System of Care

Definition:

A system of care is: A spectrum of effective, community-based services and supports for children and youth with or at risk for mental health or other challenges and their families, that is organized into a coordinated network, builds meaningful partnerships with families and youth, and addresses their cultural and linguistic needs, in order to help them to function better at home, in school, in the community, and throughout life.

Core Values

Systems of Care are:

1. Family driven and youth guided, with the strengths and needs of the child and family determining the types and mix of services and supports provided

2. Trauma informed care through understanding, recognizing and responding to the effects of all types of trauma

3. Community based, with the locus of services, as well as system management, resting within a supportive, adaptive infrastructure of structures, processes, and relationships at the community level

4. Culturally and linguistically competent, with agencies, programs, and services that reflect the cultural, racial, ethnic, and linguistic differences of the populations they serve to facilitate access to and utilization of appropriate services and supports

Guiding Principles

Systems of Care are designed to:

1. Ensure availability of and access to a broad, flexible array of effective, evidence-informed, community-based services and supports for children and their families that addresses their physical, emotional, social, and educational needs, including traditional and nontraditional services as well as informal and natural supports
2. Provide individualized services in accordance with the unique potential and needs of each child and family, guided by a strengths-based, wraparound service planning process and an individualized service plan developed in true partnership with the child and family
3. Deliver services and supports within the least restrictive, most normative environments that are clinically appropriate
4. Ensure that families, other caregivers, and youth are full partners in all aspects of the planning and delivery of their own services and in the policies and procedures that govern care for all children and youth in their communities, states, territories, tribes, and nation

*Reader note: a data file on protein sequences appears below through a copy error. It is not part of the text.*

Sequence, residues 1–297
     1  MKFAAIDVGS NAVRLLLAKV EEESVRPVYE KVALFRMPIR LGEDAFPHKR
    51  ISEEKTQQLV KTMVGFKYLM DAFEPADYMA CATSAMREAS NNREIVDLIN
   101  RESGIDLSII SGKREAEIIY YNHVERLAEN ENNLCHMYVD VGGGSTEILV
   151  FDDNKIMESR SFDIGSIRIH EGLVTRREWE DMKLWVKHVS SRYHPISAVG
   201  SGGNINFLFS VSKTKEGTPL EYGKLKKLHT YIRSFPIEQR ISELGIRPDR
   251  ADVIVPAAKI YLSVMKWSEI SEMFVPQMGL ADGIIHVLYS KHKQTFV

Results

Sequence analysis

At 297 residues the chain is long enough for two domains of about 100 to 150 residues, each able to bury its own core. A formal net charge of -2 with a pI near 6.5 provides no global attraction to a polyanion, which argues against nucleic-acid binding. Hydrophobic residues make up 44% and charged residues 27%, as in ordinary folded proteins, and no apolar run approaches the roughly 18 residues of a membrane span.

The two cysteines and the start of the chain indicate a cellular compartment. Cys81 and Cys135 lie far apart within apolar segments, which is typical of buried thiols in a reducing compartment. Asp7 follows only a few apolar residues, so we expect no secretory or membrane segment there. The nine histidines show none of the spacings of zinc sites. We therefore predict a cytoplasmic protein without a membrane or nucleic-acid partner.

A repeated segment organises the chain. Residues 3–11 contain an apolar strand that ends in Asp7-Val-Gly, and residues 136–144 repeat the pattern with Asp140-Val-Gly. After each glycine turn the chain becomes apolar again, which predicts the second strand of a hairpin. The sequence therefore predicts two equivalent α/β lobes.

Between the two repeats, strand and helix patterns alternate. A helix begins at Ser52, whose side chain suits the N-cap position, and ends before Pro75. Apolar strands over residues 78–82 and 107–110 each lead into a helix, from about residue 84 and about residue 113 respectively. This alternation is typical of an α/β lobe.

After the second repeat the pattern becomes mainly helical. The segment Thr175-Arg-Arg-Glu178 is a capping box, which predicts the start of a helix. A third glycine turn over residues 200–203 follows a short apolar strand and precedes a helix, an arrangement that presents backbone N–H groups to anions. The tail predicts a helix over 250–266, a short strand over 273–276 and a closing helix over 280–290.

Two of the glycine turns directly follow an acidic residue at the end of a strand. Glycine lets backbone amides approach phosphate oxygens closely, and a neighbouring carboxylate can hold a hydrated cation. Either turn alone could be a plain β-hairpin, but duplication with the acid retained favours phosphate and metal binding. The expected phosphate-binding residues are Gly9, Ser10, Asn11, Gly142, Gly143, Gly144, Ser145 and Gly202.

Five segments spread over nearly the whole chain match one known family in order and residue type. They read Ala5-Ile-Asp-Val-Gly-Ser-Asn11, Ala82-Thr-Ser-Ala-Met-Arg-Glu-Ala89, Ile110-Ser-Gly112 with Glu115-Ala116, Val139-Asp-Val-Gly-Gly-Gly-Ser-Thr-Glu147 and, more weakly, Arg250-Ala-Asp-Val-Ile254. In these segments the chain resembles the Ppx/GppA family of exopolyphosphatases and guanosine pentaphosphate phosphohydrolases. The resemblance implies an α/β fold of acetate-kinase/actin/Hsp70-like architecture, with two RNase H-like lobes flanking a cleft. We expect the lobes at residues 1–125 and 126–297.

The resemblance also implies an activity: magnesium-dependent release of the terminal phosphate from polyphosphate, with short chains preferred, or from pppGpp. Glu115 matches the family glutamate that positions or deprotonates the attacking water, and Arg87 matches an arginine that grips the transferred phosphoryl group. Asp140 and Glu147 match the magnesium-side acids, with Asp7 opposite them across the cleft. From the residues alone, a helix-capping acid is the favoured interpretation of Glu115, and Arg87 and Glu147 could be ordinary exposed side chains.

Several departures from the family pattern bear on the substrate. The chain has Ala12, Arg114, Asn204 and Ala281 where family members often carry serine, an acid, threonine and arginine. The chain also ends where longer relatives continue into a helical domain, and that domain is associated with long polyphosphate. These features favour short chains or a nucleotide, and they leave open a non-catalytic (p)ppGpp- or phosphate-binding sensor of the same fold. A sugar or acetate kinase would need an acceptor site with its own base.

5. Ensure cross-system collaboration, with linkages between child-serving agencies and programs across administrative and funding boundaries and mechanisms for system-level management, coordination, and integrated care management
6. Provide care management or similar mechanisms to ensure that multiple services are delivered in a coordinated and therapeutic manner, and that children and their families can move through the system of services in accordance with their changing needs
7. Provide developmentally appropriate mental health services and supports that promote optimal social and emotional outcomes for young children and their families in their homes and community settings
8. Provide developmentally appropriate services and supports to facilitate the transition of youth to adulthood and to the adult-service system as needed
9. Incorporate or link with mental health promotion, prevention, and early identification and intervention to improve long-term outcomes, including mechanisms to identify problems at an earlier stage and mental health promotion and prevention activities directed at all children and adolescents
10. Incorporate continuous accountability mechanisms to track, monitor, and manage the achievement of system of care goals; fidelity to the system of care philosophy; and quality, effectiveness, and outcomes at the system level, practice level, and child and family level
11. Protect the rights of children, youth, and families and promote effective advocacy efforts
12. Provide services and supports without regard to race, religion, national origin, gender, gender expression, sexual orientation, physical disability, socioeconomic status, geography, language, immigration status, or other characteristics; services should be sensitive and responsive to these differences

Stroul, B., Blau, G., & Friedman, R. (2010). Updating the system of care concept and philosophy. Washington, DC: Georgetown University Center for Child and Human Development, National Technical Assistance Center for Children’s Mental Health